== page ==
Not every square mile of the United States is comprised of lush, green forests or looming mountain ranges. Head far enough towards the country’s southwestern corner and you’ll undoubtedly find yourself in the desert with the sun beating down on you. There are some outdoorsmen, however, who enjoy venturing out into the vast expanses of sand and rock for a few nights away from civilization. Camping in the desert is no picnic, however, and you’ll need to stay sharp and focused to protect yourself from the elements, especially if you’ve never done it before.
Obviously, water is a vital element of any camping or hiking trip, but in the desert, it’s exponentially more important. Because the majority of deserts lack any humidity, you’ll consume much more water than normal (at least 4 liters a day). To prepare yourself, bring as much water as you can carry, and if you’re heading far from the beaten path, bring more. Always know where the nearest source of water is found and make sure you have a way to contact someone in case of an emergency. Drink constantly throughout the day and avoid getting thirsty; thirst means you’re already dehydrated. Also, if you can, limit your activities to the early morning or late evening hours, when the heat is more tolerable.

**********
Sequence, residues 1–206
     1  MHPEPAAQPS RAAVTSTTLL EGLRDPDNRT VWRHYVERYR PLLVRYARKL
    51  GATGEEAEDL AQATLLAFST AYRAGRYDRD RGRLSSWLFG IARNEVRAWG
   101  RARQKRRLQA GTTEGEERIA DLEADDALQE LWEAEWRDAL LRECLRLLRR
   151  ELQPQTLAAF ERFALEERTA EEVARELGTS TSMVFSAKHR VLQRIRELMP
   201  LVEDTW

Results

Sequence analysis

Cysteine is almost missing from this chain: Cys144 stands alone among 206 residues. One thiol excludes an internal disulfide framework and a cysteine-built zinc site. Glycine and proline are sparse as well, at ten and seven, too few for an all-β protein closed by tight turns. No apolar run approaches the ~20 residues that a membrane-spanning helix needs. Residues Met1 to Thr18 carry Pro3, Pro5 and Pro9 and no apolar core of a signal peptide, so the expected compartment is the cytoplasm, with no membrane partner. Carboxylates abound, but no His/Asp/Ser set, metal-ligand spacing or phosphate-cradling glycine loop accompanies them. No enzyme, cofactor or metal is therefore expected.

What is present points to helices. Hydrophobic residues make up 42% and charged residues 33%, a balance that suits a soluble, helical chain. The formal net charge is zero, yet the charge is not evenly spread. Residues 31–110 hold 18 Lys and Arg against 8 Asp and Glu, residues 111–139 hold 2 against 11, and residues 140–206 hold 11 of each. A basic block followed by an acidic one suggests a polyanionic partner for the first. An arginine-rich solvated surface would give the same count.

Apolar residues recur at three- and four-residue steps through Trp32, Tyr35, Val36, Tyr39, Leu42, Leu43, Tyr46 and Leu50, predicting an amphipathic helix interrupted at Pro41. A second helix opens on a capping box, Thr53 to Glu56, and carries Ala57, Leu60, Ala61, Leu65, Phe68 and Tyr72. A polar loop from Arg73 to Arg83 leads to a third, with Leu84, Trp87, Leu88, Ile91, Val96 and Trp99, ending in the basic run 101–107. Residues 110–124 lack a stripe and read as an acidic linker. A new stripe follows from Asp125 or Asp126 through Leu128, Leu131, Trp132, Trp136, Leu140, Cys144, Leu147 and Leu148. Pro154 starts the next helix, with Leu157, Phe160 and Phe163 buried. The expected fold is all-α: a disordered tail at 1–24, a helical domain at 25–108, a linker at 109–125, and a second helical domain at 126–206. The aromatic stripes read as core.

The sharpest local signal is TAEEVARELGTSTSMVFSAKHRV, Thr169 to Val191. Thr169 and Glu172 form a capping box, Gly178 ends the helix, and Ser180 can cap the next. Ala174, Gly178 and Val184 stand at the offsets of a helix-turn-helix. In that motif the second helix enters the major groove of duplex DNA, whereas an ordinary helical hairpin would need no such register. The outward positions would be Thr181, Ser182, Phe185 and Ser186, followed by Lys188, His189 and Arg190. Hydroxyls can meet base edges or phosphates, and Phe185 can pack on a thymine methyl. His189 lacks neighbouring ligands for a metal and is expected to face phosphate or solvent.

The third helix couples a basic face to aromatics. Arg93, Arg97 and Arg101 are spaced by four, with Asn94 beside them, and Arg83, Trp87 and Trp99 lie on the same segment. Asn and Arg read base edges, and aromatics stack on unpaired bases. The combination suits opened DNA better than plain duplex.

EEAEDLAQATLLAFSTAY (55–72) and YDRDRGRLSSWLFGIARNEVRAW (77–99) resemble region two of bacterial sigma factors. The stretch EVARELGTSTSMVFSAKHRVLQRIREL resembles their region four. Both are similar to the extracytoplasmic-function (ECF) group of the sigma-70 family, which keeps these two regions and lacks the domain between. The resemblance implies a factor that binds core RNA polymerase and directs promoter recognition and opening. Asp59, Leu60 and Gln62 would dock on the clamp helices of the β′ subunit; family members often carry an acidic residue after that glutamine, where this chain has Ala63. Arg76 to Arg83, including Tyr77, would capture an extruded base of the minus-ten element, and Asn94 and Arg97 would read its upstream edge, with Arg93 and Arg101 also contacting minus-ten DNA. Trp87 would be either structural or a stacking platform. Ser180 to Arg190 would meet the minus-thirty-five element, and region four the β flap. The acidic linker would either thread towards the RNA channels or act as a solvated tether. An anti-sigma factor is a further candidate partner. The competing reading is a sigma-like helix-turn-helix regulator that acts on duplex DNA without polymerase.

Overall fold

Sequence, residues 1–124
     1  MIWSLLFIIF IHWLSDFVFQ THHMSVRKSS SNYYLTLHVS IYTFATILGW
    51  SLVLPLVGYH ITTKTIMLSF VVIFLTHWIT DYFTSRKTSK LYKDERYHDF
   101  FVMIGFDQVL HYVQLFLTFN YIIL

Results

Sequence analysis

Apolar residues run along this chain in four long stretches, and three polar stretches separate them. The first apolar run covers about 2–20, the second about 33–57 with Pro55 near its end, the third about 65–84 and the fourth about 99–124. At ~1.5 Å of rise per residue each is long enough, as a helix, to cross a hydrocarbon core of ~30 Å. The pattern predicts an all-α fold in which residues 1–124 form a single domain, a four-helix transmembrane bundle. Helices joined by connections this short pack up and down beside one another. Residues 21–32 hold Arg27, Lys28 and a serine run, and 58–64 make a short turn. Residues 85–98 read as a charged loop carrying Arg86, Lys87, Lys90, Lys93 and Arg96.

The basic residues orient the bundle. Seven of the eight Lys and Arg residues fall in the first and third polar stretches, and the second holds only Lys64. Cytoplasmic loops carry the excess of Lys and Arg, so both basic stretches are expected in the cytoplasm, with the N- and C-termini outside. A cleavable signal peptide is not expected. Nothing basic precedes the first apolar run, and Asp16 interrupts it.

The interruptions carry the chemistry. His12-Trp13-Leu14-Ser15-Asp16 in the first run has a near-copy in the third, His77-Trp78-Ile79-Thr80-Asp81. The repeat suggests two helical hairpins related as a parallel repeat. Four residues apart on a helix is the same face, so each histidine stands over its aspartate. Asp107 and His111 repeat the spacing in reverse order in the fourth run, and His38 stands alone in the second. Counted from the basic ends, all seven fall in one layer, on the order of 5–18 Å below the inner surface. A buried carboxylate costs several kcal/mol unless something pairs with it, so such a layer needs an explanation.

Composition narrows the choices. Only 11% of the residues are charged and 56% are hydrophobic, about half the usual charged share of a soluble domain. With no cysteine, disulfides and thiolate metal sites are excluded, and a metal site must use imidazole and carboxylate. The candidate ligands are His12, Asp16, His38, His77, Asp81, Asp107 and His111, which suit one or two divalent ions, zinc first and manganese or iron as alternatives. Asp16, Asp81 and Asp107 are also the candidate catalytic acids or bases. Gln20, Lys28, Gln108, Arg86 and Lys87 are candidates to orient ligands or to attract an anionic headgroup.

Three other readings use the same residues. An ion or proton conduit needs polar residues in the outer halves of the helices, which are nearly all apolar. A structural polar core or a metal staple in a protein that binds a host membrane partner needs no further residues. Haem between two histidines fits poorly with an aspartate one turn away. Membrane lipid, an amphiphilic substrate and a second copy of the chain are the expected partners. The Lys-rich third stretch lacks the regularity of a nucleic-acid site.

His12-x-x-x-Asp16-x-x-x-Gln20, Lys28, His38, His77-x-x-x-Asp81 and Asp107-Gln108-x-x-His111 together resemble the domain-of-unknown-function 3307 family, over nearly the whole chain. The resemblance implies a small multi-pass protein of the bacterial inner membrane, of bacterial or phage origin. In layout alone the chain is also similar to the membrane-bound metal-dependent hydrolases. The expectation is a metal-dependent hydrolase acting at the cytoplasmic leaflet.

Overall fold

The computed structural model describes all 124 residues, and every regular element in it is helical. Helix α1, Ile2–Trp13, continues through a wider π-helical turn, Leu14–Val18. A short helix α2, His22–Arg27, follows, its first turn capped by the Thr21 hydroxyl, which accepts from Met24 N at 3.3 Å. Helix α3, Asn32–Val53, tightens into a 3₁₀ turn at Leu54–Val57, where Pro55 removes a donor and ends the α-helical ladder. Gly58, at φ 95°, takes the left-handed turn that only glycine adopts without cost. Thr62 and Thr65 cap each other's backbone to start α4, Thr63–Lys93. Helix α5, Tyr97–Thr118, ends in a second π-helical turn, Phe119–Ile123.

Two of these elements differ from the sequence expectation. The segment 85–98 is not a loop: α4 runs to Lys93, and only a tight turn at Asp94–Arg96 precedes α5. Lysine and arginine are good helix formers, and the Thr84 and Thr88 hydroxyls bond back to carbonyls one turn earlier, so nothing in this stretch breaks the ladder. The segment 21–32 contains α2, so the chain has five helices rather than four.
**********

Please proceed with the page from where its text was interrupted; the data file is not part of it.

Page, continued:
On the flip side, you’ll also need to prepare for the harsh temperatures of desert nights. The lack of humidity means nights in the desert can drop below zero at times, so I suggest bringing some warm clothing, and perhaps an extra blanket or flannel sheet.
It’s important to remember that we are visitors to the outdoors and the animals who call the wilderness their home. While the vast majority of animals do their best to avoid humans, some of them can be dangerous, even fatal, when provoked or stumbled upon. Deserts are home to venomous spiders and snakes, as well as scorpions and even mountain lions, so it’s important to watch where you place your hands and feet. Try not to stick your hands into any holes and be sure to shake out your boots before putting them on in the morning.
Lastly, your tent, normally a safe place to seek shelter, can become an oven in the desert sun. Most are equipped with light, thin roof that sunlight easily penetrates, heating the floor and essentially raising the tent’s interior temperature drastically. Try to pitch your tent in the shade if you can, and if you can’t, pack an opaque tarp to block out the sun. Also, keep your flaps open to ventilate the inside and move any heat-sensitive items outside if you’ll be at camp for a while.
Spending an extended period of time in the desert is about slowing yourself down and falling into a harmony with the way the desert works, and isn’t as bad as some may initially believe. Once you get used to the heat, the desert offers a great retreat from everyday life that any camper will enjoy. Like any camping trip, being prepared for the trek is the first step, so leave no stone unturned during your planning for a trip to the desert.